Wednesday 3 November 2010

Performance appraisal

Performance appraisal


The performance appraisal is an opportunity for the employee and the employer to engage in a dialogue about the employee’s performance, development and the support required from the manager (CIPD, 2009). The performance appraisal is done for a number of reasons including measuring and managing performance, evaluating knowledge and skills, validating decisions of pay, promotions and status etc. (Nieto, 2006, p. 144). However, the main objective of performance appraisal is to ensure that the employee’s skills, knowledge and interests are utilized to the fullest (Arthur, 2005b, p. 170).

A number of different performance appraisal methods and approaches have been developed by management and organization theorists in the past century. ‘A partial list of such approaches include scientific management, participative management, quality of work life programs, Management by objectives (MBO), quality circles, total quality management (TQM), business process engineering, and the balanced scored card approach, among others’ (Anderson, 2001, p. 346).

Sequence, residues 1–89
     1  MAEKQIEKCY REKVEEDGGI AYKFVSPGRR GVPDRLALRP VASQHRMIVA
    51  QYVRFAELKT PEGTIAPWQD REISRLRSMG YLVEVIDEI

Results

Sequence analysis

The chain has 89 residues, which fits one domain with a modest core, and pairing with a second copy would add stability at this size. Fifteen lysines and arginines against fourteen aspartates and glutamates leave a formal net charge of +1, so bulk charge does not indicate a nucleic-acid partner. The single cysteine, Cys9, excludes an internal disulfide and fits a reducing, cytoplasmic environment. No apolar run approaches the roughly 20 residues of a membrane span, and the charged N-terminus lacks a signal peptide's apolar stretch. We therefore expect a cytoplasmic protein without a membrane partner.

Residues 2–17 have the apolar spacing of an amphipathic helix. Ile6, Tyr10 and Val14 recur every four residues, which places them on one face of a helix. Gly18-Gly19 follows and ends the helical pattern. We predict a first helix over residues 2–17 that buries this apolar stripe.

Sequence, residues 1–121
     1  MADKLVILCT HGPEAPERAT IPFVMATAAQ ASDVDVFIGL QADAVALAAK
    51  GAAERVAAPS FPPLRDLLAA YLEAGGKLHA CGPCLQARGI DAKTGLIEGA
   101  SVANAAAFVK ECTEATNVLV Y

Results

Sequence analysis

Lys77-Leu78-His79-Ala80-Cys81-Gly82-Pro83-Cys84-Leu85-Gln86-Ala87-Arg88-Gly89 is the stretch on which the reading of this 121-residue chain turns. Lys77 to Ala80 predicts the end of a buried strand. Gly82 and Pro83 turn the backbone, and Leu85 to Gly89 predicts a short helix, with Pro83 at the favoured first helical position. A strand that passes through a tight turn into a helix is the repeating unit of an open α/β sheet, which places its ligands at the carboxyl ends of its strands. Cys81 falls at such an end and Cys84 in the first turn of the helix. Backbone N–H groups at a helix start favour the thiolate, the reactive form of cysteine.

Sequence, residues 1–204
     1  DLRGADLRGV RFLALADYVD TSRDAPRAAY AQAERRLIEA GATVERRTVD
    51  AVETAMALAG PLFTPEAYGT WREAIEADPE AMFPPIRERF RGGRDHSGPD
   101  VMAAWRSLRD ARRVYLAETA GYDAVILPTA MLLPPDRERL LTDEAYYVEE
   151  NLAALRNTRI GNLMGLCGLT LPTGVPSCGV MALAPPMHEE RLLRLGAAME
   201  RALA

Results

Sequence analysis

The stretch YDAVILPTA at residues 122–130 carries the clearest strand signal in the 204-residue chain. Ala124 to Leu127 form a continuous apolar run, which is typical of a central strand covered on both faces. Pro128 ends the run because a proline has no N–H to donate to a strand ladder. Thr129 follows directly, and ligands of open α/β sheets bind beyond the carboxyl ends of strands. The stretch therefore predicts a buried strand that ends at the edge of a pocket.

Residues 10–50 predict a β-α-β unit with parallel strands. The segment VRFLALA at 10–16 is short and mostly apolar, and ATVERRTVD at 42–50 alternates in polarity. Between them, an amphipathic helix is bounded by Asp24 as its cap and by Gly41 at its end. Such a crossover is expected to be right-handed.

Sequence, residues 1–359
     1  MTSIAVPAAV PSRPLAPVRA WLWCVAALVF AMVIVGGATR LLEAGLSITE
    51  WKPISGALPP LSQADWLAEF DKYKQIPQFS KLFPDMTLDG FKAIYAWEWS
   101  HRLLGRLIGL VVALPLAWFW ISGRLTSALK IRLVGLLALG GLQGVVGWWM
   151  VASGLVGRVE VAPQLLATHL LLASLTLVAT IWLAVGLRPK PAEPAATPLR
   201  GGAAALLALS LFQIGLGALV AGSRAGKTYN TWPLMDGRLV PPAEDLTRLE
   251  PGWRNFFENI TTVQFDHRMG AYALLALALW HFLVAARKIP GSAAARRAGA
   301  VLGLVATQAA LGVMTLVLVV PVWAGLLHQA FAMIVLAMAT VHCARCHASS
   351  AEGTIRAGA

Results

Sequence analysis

Of the above approaches, TQM based approach to performance appraisal is sometimes suggested by experts as the recommended approach. In the essay below, the points in support of the expert’s views will be discussed.

TQM based approach to performance appraisal

Before discussing the benefits and advantages of taking a TQM based approach to performance appraisal, it is important to understand what a TQM based approach is and what does it consist of.

Total Quality Management (TQM) based approach can be simply described as the approach where ‘the internal or external customer of the product or service becomes the focus for determining standards and measuring performance’. The TQM based approach focuses on the input, throughput and outcomes in regards to customer needs and expectations (Anderson, 2001, p. 345). In simple words, performance appraisals focussed on the tenets of TQM such as increasing the productivity of the organisation, continuous improvement and team work is said to be TQM based approach to performance appraisal. Some of the features of TQM based approach to performance appraisal are use of 360 degree feedback, measuring results objectively, normal distribution methods etc.

The TQM based approach to performance appraisal has many benefits and advantages over other approaches. Grote (1996, p. 351) identified them as follows: